Australian colonial law enforcement and local christen missionaries efforts eliminate the cannibalism practice in the Island of New Guinea.
Signs and Symptoms of Kuru
Kuru is a transmissible spongiform encephalopathy (TSE) condition of the Central Nervous System (CNS) that produces physiological and neurological effects that can drive to death. Kuru’s characteristic symptom is the progressive loss of control and coordination of muscle movement which is also called cerebellar ataxia. The average incubation period of laughing sickness disorder (kuru) is 10-13 years, whereas the asymptomatic phase can be as short as 5 years or as long as 50 years or more after onset exposure.
The early non-specific symptoms include headache, joint pain in the extremities. While signs and symptoms of kuru disease are divided into 3 different stages, they are;
- The first stage – Ambulant stage: the first stage is named ambulant because the infected person can still roam. However, the infected person may exhibit unsteady gait and movement, but also shows the decline muscle control, tremors, dysarthria (difficulty in speaking), titubation (continuous nodding moment of the head caused by nervous disorder).
- Second stage – Sedentary stage: in the second stage the infected person is unable to walk without help and also suffers from severe tremor and ataxia, that’s why it is named the sedentary stage. While emotional instability like depression, anxiety, and involuntary and sporadic laughter is also seen.
- Third stage – terminal stage: it is the final stage in which the condition ataxia – loss of control and coordination of body movements flows to the point where a person is no longer able to sit without comfort. Other symptoms also excite like dysphagia (unable to swallow) which leads to severe malnutrition. In the terminal stage, individuals may also develop pneumonia and chronic ulcerated wounds (bedsore) that can be infected easily.
An infected person ordinarily dies around 3 months to 2 years after the first terminal stage symptoms reappear, and often because of pneumonia or other secondary infections.
Causes of Kuru
Kuru is largely localized to the Fore tribe people because they had the custom of intermarriage. The Fore tribe had a tradition to cook and consume their family members’ dead bodies as a symbol of love, respect, and mourning. The infected people’s brains are enriched with an infectious prion, then whoever consumes the brain and viscera, has a much greater probability of being infected. However, women and children were more infected than men because men preferentially consumed muscles.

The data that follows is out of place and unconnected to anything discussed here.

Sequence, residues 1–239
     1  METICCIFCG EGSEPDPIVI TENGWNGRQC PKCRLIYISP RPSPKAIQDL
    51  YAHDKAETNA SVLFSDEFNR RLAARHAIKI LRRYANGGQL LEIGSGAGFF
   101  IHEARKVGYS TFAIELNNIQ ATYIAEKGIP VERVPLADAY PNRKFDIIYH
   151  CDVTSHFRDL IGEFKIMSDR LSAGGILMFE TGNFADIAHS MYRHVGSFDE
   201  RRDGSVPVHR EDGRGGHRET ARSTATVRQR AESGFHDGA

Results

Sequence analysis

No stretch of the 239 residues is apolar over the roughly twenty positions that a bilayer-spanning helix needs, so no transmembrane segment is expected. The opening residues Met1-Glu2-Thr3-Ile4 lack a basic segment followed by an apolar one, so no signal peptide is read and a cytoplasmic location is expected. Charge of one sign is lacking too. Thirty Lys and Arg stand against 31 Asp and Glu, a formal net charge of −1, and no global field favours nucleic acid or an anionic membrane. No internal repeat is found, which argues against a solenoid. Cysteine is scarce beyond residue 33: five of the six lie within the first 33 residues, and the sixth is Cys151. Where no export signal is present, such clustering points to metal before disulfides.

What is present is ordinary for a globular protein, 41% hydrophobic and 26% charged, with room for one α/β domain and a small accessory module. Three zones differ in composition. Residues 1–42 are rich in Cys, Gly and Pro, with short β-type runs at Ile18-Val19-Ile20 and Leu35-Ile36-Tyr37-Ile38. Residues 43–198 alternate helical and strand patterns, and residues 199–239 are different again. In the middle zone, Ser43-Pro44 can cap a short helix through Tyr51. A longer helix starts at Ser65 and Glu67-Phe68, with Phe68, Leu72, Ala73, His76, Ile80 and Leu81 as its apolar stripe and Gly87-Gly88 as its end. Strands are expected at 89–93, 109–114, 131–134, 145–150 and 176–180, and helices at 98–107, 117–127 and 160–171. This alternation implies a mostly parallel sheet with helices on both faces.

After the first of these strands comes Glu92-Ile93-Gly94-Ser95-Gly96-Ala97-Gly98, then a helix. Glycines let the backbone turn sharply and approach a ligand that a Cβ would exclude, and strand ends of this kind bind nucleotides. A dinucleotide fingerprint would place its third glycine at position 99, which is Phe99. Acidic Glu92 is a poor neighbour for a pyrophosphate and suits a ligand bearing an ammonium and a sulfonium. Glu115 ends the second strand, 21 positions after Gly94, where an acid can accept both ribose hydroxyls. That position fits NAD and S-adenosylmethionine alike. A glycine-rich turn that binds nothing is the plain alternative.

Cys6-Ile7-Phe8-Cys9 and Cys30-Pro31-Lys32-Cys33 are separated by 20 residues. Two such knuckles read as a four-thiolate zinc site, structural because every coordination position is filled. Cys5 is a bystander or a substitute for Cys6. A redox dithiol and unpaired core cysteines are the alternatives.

What is Prion? What is the role of prion in Kuru disease?
Prions are the infectious and misfolded type of protein that can transmit their misfold shape and material onto normal ones of the same protein. But it is still unknown what causes a normal working protein to misfold. In Kuru, the prion is the misfolded class of a host-encoded protein, it is denoted by PrP.
The two-class of prion is characterized as PrPc (a normally folded protein) and PrPsc (a misfolded one who gives rise to the disease). The two classes of prion are not different in amino acid sequence but the isoform of pathogenic PrPsc is different from normal PrPc in secondary and tertiary structure.
The PrPsc infectious isoform of prion is highly rich in beta-sheets and allows PrPsc to aggregate and be highly repellent to protein degradation by enzymes or by other chemical and physical means. While on the other hand, normal PrPc isoform is enriched in alpha-helical structure and is receptive to complete proteolysis and soluble in non-denaturing cleansers.
Therefore, it has been proposed that pre surviving or acquired PrPsc has the ability to the conversion of PrPc into PrPsc, which goes on to transform other PrPc. This begins a chain reaction that provides a rapid propagation and results in the pathogenesis of prion diseases.
How laughing death (kuru) is diagnosed?
Laughing sickness is unable to diagnose until the initial symptom appears and then the doctor may perform some neurological examination which includes:
- Medical history
- Physical/neurological examination
- A blood test like thyroid, folic acid level, LFT, etc.
- An electrodiagnostic test or electroencephalogram (EEC) detects the electrical working of the brain.
- MRI of the brain (but not useful)
Sometimes, people suffering from Kuru may lapse into coma within 6-12 months just after enduring the initial symptoms.
Can Kuru be treated?
There is no known therapy for kuru because infectious Prion that causes neurodegenerative disease – kuru can not be damaged easily. The dead brain contains the prion for years even when we preserve the brain in formaldehyde.
How can I assess if someone is suffering from laughing death (kuru)?
A person who suffers from laughing death (kuru) will show you the signs and symptoms like irregular or involuntary movements of the body like twitching, tremoring, cloning, jerking, and laughing attacks. And these symptoms get progressive with the time which can lead to loss of coordination in the body – cerebellar ataxia.
Before you leave!
Kuru is a rare and genetic disease that was aroused by the ingestion of an infected brain in the Fore tribe people of New Guinea. New Guinea people also call kuru disease as Negi-Negi due to involuntary laughing attacks and body movements. Governments and societies start to eliminate the disease in the mid-20th century by disinclination the social practice of cannibalism.
A student of Surgical Technology from Dow University of Health Sciences. She brings her expertise on surgical procedures, knowledge on Human Anatomy and Modern Day Surgeries to help students understand and learn easier ways and help patients understand hospital procedures before their surgeries.